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The previous modules define the language of natural deduction. This system can
be used to show that certain first-order formulae are derivable in minimal
logic. It is common in logical enquiries to examine proofs regarding axiom
schemes, as we will do later (see also
\citet{hDHabil,troelstra1988constructivism1,troelstra1988constructivism2}).
\AgdaHide{
\begin{code}
module Scheme where
open import Agda.Builtin.Nat renaming (Nat to ℕ)
open import Agda.Builtin.String
open import Deduction
open import Formula
open import List
open import Vec
\end{code}
}
We define some metalanguage concepts. A \emph{scheme} is often thought of as a
formula containing schematic variables, which can be replaced by subformulae to
produce a new formula. The following notion is more general than this; instead,
a scheme is just constructed from a function from (a vector of) formulae to a
formula.
\begin{code}
record Scheme : Set where
constructor scheme
field
arity : ℕ
name : String
inst : Vec Formula arity → Formula
\end{code}
Defining this as a type using a vector, instead of simply using functions,
means that all schemes of all arities are collected under the same type
(\inline{Scheme}), which makes it possible to define a single function for
typesetting scheme proofs later. The definition makes no restriction on the
structure of the instances of the scheme, and is not able to put requirements
on variable freedom.
A scheme is derivable if every instance of the scheme is derivable. A list
$\Omega s$ of schemes is stronger than a scheme $\Phi$ if every instance of
$\Phi$ is derivable from finitely many instances of schemes in $\Omega s$.
Equivalently, $\Omega s$ is stronger than $\Phi$ if the derivability of $\Omega
s$ implies the derivability of $\Phi$.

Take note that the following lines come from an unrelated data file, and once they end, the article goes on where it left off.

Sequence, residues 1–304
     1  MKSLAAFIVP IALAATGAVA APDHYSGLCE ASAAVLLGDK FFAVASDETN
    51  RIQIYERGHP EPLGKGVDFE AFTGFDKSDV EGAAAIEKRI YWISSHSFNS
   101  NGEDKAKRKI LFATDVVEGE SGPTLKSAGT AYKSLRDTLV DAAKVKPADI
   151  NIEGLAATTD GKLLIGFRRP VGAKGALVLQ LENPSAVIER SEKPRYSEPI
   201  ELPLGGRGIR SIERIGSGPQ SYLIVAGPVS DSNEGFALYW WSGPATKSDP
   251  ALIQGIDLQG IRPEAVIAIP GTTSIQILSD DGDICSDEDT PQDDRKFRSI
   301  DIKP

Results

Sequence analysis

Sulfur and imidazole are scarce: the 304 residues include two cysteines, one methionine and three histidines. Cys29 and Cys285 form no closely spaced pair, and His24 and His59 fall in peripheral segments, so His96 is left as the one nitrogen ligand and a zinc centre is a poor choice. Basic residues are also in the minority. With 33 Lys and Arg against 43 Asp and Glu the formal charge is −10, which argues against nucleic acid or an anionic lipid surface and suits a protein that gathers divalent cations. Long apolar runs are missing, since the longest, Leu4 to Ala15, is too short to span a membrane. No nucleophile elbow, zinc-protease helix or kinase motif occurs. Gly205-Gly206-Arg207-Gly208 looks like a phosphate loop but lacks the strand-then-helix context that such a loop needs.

\begin{code}
Derivable : Scheme → Set₁
Derivable S = ∀ αs → ⊢ (Scheme.inst S αs)
infix 1 _⊃_
_⊃_ : List Scheme → Scheme → Set₁
Ωs ⊃ Φ = (∀ ω → ω List.∈ Ωs → Derivable ω) → Derivable Φ
\end{code}
Because it is nicer to work with $n$-ary functions than unary functions taking
$n$-ary vectors, we define the following notation for creating schemes from
functions,
\begin{code}
nullaryscheme : String → Formula → Scheme
unaryscheme : String → (Formula → Formula) → Scheme
binaryscheme : String → (Formula → Formula → Formula) → Scheme
nullaryscheme s f = scheme 0 s λ { [] → f }
unaryscheme s f = scheme 1 s λ { (α ∷ []) → f α }
binaryscheme s f = scheme 2 s λ { (α ∷ β ∷ []) → f α β }
\end{code}
expressing derivability for functions,
\begin{code}
infix 1 ⊢₀_ ⊢₁_ ⊢₂_
⊢₀_ : Formula → Set₁
⊢₁_ : (Formula → Formula) → Set₁
⊢₂_ : (Formula → Formula → Formula) → Set₁
⊢₀ s = ⊢ s
⊢₁ s = ∀ α → ⊢ s α
⊢₂ s = ∀ α β → ⊢ s α β
\end{code}
and turning derivability of schemes into derivability of functions.
\begin{code}
descheme₀ : {f : Vec Formula 0 → Formula}
→ (∀ αs → ⊢ f αs) → ⊢ f []
descheme₁ : {f : Vec Formula 1 → Formula}
→ (∀ αs → ⊢ f αs) → ∀ α → ⊢ f (α ∷ [])
descheme₂ : {f : Vec Formula 2 → Formula}
→ (∀ αs → ⊢ f αs) → ∀ α β → ⊢ f (α ∷ β ∷ [])
descheme₀ ⊢S = ⊢S []
descheme₁ ⊢S α = ⊢S (α ∷ [])
descheme₂ ⊢S α β = ⊢S (α ∷ (β ∷ []))
\end{code}
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